11 Dec 2011

My own work...

The time is very close people... my first term at NTU is nearly over! Its been tough but my gosh have I come a long way.. mainly in design and my appreciation for the design process, but also in developing several of my own little niches/ specialisms id like to study further.

Keep you eyes peeled as I'll be posting up very soon some renders of my final 'lifetime' homes design, and also the bespoke house on the hill in Winchester that Ive been working on...


London 2012 - Olympic Recycling

The 2012 Olympic Games pose very exciting times for the United Kingdom both on the track and off it. Frequently Olympic hosts spend millions or in the UK’s case, billions, on developing arenas and the necessary infrastructure in order for the event to run smoothly and often more importantly so that the country is shown in the best way to the billions that tune in to watch the games. But my question was ‘what would we do with an 80,000 seat athletic stadium once the games have finished?’… in many cases the stadium and the money it cost to build is surplus to anyone’s needs.

However, the Olympic Park Legacy Company has worked tirelessly to develop a plan for what happens to our facilities when the games are over. Firstly it should be noted that 98% of the new facilities to be used for the games have been built by British companies, equating to 1,400 contracts and an estimated £6 billion worth of business. Secondly, the main Olympic stadium has been designed as ‘two stadiums in one’, essentially a permanent 25,000 seat stadium with a 55,000 seat skyward extension which can be removed when no longer needed.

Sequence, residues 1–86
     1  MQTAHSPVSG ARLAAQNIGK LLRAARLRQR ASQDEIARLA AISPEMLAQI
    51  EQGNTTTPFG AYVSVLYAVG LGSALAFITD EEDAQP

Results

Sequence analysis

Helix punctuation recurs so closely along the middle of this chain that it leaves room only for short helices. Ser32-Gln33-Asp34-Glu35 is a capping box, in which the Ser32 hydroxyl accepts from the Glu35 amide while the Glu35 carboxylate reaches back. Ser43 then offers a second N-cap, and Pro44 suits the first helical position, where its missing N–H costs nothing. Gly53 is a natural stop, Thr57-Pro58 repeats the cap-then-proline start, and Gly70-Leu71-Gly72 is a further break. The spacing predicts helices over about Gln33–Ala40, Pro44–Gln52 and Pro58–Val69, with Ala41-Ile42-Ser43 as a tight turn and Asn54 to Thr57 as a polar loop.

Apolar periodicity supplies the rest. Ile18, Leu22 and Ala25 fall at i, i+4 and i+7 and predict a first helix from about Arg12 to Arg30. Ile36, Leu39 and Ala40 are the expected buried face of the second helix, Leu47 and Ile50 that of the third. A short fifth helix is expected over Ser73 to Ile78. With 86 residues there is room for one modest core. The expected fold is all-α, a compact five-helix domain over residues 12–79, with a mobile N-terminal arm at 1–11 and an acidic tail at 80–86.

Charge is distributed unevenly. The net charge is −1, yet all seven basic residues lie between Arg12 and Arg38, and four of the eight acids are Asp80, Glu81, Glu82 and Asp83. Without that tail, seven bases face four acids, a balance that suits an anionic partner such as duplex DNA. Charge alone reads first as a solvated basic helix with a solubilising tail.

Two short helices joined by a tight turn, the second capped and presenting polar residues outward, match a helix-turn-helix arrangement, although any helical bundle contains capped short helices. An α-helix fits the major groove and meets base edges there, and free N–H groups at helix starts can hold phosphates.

The Stadium has been designed as a series of components in order to create an adaptable structure, which facilitates deconstruction for the purposes of post-Games requirements and re-use. For example, all the steel was bolted rather than welded and the roof structure has been designed in such a way that it can be removed or adapted in legacy for use with the smaller stadium.

Similar to my previous post, this innovation sends messages to the world, exhibiting sustainability through recycling and adaptable design

25 Nov 2011

A Home for the Homeless by Javier Larraz

Ok.. so this doesnt have much relevance to the previous post.. although I have been working on that.. but this building caught my eye and I had to post it on here. The building was completed in 2010, is located in Navarra, Spain and provides a shelter and food for the homeless.

I love it, and some of the spaces inside are stunning. There is a good use of natural light together with exterior cladding which provides an element of privacy without disturbing the light flow - Something I have been trying to achieve on a residential project @ university.

Please let me know what you think...

24 Nov 2011

Old Vs New